If the new law is embraced, it might help alleviate these past injustices, according to the government.
Got a pot conviction in your background? You might be able to soon get a full pardon and erase that teenage dalliance that has been haunting you ever since.
Currently, about 70,000 to 80,000 Canadians have criminal convictions that may become eligible to be pardoned, after Public Safety Minister Ralph Goodale introduced Bill C-93 into parliament recently.
“Applicants would not need to pass a ‘good conduct’ assessment and PBC (Parole Board of Canada) staff will only need to confirm that the convictions were for simple possession, the sentences were completed and all related fines paid, and that there are no other convictions on record. The $631 application fee would also be waived,” wrote Marco Vigliotti at iPolitics.ca.
The proposed law would streamline the process, so those convicted would no longer be unfairly tainted by something that is now deemed legal, said Goodale.
“A pardon removes a person's criminal record from the Canadian Police Information Centre (CPIC) database. This means that a search of CPIC will not show that the individual has a criminal record or a pardon. This helps them access employment and educational opportunities and to reintegrate into society,” according to press release from the government at Canada.ca.
Before the law, Canadians would have to wait five to 10 years before they could gain a pardon.
But already, some critics are saying the government hasn’t gone far enough.
“That is great. Any day the government says we are going to remove stigma from 80,000 essentially victims of the drug war, that is a great day. But they could be doing a lot more to help this community, especially if they have now admitted that simple possession was a wrong-headed law to begin with,” said Toronto lawyer Jack Lloyd on CBC Radio.
Lloyd — who is also the president of NORML Canada, a lobby group that calls for all penalties for private marijuana use to be eliminated — prefers the expungement option, which acts as is the conviction never existed. But Goodale rejected that because it requires the consent of the minister, which is a labourious process.
Even the Toronto Star editorial board argued that pardons are not the best tool to right past wrongs.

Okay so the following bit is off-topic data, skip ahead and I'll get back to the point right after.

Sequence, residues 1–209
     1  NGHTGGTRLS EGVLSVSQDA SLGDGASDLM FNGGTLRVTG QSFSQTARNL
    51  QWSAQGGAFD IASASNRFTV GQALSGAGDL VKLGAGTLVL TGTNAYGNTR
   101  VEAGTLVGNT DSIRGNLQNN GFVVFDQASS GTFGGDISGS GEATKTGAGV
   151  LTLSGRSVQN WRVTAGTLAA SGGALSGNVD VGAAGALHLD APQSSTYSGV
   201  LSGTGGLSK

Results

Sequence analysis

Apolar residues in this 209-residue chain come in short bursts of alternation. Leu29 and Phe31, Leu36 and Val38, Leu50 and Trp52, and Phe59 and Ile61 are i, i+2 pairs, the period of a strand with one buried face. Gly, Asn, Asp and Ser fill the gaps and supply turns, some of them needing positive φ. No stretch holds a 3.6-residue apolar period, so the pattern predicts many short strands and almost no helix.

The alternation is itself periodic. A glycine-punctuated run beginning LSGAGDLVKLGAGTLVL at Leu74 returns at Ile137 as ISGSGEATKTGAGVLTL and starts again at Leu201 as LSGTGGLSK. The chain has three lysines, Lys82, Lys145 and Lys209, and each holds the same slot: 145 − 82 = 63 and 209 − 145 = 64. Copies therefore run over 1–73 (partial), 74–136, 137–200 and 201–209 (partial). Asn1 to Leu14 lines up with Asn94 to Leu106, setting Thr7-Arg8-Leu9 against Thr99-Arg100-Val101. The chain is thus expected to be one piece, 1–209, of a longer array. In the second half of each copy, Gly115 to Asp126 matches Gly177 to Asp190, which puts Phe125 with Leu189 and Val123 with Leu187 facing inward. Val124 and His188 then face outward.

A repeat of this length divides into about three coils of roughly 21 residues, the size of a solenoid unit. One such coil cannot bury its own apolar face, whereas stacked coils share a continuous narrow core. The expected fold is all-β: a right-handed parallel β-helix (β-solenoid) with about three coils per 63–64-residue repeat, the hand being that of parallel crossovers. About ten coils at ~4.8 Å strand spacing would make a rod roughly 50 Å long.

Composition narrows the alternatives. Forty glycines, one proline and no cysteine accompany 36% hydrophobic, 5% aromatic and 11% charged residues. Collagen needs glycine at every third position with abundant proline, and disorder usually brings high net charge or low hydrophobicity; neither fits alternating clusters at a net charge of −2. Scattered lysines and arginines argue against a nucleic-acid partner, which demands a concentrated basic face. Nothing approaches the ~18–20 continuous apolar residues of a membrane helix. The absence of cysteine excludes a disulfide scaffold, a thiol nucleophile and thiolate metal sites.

“It bears repeating that by legalizing cannabis the government admitted that nearly a century of prohibition of the drug in this country was at the very least wrong-headed, if not a grave injustice perpetrated against hundreds of thousands of people. So it would seem that expungement, rather than a simple pardon, is required to undo the harms they suffered. Half-measures that will leave the convicted vulnerable to ongoing potential negative consequences are unacceptable.”
A government of a different stripe may feel the need to change the law once passed, according to two lawyers.
“A pardon (technically called a ‘record suspension’) maintains the record of the conviction, but effectively places it in a separate filing cabinet. A pardon can be revoked at a later date in certain circumstances. For example, the Criminal Records Act allows the parole board to revoke a pardon when it thinks someone is ‘no longer of good conduct’ – a vague standard that can be met without someone even having been charged with a subsequent offence,” said Benjamin Kates and Pam Hrick, lawyers at Stockwoods LLP in Toronto, on CBC.ca.
“Most alarmingly, a future government could retract pardons for simple possession en masse by amending the Criminal Records Act or any separate legislation the current government introduces to implement this measure (though the validity of such an amendment would surely be challenged in court).”
The past laws disproportionately targeted minorities in Canada, according to an investigation done last fall by Vice News. The investigation found this even occurred after Justin Trudeau was elected in 2015.
“Indigenous people in Regina were nearly nine times more likely to get arrested for cannabis possession than white people during that time period. Meanwhile, black people in Halifax were more than five times more likely to get arrested for possessing weed than white people,” wrote Rachel Browne.
But if the new law is embraced, it might help alleviate these past injustices, according to the government.
“Ensuring timely access to pardons for individuals previously convicted only of simple possession of cannabis will help make things fairer for these Canadians – including marginalized communities, Indigenous communities, and those in our most vulnerable neighbourhoods,” tweeted Minister of Border Security and Organized Crime Reduction Bill Blair on the day of the announcement.
Pot pardons seem to be a good first step in erasing the stigma that goes along with cannabis possession and it is a good olive branch to targeted communities and other Canadians, who were criminalized for something that most now agree is no big deal.